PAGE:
After witnessing the weeping of Mary and her surrounding community, Jesus is greatly disturbed in spirit and deeply moved (v. 33). But he does not weep himself until the people entreat him to “come and see” where Lazarus’s body has been laid (v. 34).
“Come and see” is how Jesus begins his ministry. Two of John the Baptist’s followers asked where he was staying and he responds, “Come and see” (John 1:39). When Philip tells him of the Messiah, Nathaniel asks if anything good could come out of Nazareth. “Come and see,” Philip says. At the beginning, “come and see” was an invitation to relationship, learning, and life. Here at the close, it is an invitation to death. In a few days, Jesus will walk into Jerusalem and be killed. But first he must walk to Lazarus’s tomb. “Come and see,” say the mourners. Jesus began to weep (v. 35).
My favorite flowers are pink roses and blue hydrangeas. Those are the flowers I had at my wedding. Two months later, my 20-year-old cousin Santee died suddenly. When I walked into the room to view his body, pink roses and blue hydrangeas covered his casket. Despite the years since, I still can’t enjoy my favorite flowers. They always remind me of Santee’s death, of my deep love for him that now has no place to go.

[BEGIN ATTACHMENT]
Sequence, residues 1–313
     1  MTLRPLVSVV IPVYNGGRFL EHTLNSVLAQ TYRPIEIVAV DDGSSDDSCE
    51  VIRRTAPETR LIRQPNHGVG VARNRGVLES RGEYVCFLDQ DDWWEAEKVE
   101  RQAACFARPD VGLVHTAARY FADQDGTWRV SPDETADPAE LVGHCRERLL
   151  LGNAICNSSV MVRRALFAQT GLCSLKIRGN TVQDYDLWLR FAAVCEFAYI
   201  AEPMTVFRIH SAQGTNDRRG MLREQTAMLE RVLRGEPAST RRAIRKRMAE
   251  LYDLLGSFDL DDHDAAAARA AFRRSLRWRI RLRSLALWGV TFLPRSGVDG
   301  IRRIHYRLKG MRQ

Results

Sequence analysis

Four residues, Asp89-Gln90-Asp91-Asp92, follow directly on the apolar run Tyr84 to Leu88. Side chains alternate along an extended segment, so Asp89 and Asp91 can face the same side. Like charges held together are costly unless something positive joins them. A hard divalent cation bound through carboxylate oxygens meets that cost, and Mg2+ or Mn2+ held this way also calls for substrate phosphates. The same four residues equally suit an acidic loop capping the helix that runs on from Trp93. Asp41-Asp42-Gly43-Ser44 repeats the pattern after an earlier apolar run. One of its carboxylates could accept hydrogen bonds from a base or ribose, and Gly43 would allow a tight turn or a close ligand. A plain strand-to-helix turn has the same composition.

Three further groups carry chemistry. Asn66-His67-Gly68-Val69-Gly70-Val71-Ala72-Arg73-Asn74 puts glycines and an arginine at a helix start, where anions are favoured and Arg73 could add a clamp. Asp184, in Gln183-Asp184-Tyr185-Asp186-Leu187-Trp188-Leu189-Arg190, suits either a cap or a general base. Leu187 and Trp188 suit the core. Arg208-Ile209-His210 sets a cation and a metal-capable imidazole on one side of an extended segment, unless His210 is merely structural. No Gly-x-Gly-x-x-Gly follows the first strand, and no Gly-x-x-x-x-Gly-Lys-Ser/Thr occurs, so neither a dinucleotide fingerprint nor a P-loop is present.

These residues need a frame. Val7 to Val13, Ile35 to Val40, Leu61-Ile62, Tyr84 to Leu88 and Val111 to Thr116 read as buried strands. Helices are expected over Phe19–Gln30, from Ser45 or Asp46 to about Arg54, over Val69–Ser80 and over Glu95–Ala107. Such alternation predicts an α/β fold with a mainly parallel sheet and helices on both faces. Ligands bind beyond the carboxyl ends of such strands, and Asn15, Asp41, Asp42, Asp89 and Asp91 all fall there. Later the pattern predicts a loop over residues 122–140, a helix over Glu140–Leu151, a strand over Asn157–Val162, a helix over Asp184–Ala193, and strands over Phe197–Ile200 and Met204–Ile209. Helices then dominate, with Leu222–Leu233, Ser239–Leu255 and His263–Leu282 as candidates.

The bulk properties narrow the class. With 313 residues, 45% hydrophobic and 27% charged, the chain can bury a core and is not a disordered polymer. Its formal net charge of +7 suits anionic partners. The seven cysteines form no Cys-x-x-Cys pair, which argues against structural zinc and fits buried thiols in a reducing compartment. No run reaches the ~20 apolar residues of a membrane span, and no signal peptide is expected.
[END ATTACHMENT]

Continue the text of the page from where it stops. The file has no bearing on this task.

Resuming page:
Jesus’ grief in this scene would not be so deep had his love for Lazarus, Mary, Martha, and also for Nathaniel and Philip and his other disciples not been so deep. “Come and see,” say the mourners. Life mingles with death. One can no longer be viewed without a reminder of the other. “Come and see,” say the mourners. Like Jesus, we too begin to weep.
When have you have seen life mingle with death? What person or memory can you not think of without grieving? Thank God for your deep love.
God who weeps, when I feel overwhelmed by love that no longer has any place to go, help me to also remember the love and joy I experienced. Amen.